The Sontarans on Doctor Who are a highly militaristic race of warriors, and they seem more an overt critique of the warrior trope than Worf, Anasazi or D’Argo. For one thing, the Sontarans are clones, meaning that they appear to lack the full spectrum of human individuality, and they have been at war with their enemy, the Rutans, for close to a 100,000 years.
You’d think, after so long a span, they’d choose to make peace. Especially if they subscribe to Sun Tzu’s axiom (also discussed in TNG’s “The Last Outpost”): “He will triumph who knows when to fight and when not to fight.”
Another unique interpretation of the warrior aesthetic is seen in The Outer Limits episode “Soldier” by Harlan Ellison. Here, a soldier from the future’s training and single-mindedness becomes impossible to overcome. Although he combats his “enemy,” he cannot think in what we might consider human terms. The Fantastic Journey presented a negative depiction of a warrior in an episode “A Dream of Conquest.” There a usurper played by John Saxon wanted to lead an army across the time zones of the Bermuda Triangle, conquering everyone in his path…even though none of the denizens were his enemy. He loved the glory of battle too much…
In the original Battlestar Galactica, the Colonial Warriors were the steadfast heroes. They protected the Twelve Colonies of Man from the Cylon scourge and were finally undone only by a deluded pacifist leader (President Adar) and a traitor, Baltar.
The warriors on Battlestar Galactica ran the full-spectrum of the human experience, showcasing the qualities of loyalty and love we would hope to see evidenced in our own military. The only times when this equation grew muddy was when interaction with civilian government was required. Again and again on the Glen Larson series, in episodes such as “Saga of a Star World” and “Baltar’s Escape” the military viewpoint was held up as right almost a priori, while civilian government was seen as foolish, selfish and even self-destructive. The people of the rag-tag fleet lived under martial law essentially, and self-government by the people was not held up as a virtue.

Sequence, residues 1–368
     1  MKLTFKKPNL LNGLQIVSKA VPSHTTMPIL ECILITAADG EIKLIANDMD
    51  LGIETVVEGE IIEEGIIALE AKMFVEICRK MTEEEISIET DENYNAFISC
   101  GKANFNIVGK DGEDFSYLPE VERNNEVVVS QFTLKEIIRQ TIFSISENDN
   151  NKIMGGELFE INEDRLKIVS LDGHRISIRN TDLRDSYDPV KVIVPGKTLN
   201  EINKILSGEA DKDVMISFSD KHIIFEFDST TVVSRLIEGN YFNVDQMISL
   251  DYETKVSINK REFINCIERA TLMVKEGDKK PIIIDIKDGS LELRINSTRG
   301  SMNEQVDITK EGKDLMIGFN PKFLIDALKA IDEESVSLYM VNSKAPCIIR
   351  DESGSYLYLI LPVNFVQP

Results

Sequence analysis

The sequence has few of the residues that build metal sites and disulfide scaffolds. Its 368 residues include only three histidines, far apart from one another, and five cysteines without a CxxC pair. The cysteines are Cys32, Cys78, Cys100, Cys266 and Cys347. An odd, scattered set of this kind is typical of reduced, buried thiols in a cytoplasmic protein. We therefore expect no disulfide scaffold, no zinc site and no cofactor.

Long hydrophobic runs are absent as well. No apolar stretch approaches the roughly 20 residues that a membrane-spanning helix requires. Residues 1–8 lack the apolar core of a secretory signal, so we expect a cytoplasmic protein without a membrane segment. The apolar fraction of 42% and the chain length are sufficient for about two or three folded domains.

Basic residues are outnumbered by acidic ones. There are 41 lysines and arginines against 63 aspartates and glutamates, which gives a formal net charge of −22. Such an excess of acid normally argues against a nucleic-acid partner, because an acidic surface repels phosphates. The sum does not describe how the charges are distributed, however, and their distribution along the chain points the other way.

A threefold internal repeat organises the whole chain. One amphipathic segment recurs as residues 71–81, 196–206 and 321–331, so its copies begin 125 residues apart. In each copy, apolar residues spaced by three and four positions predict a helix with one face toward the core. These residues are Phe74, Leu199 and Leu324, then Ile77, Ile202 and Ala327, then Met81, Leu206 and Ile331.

The remade Battlestar Galacticaof a few years ago adopted a more Top Gun — “I feel the need for speed” — approach to warriors and their aesthetic, showcasing carousing, sex and dissension in the ranks to a degree that shocked fans of the original series.
Additionally, on series such as The X-Files and Smallville, a frequent goal of evil-doers seemed to be the creation of a perfect warrior, a “super soldier” who embodied all of the physical skills of a great warrior, but not the sense of an individual code or moral standard.
The idea here was that warriors – separated from their moral code – would represent even more dangerous adversaries; berserkers able to threaten all of civilization, and operate under the thumb of a maniac like Lex Luthor. On SeaQuest, man engineered “the Daggers,” a race of genetically engineered warriors, in a similar vein.
Another highly notable warrior in sci-fi/fantasy TV history is Xena (Lucy Lawless) from Xena: Warrior Princess (1995 – 2001), who sought redemption for her past misbehavior by defending those in need of defense or help. Again, she demonstrated the finest qualities of the warrior aesthetic, embodying a sense of loyalty and honor in her interactions with the weak and with the evil.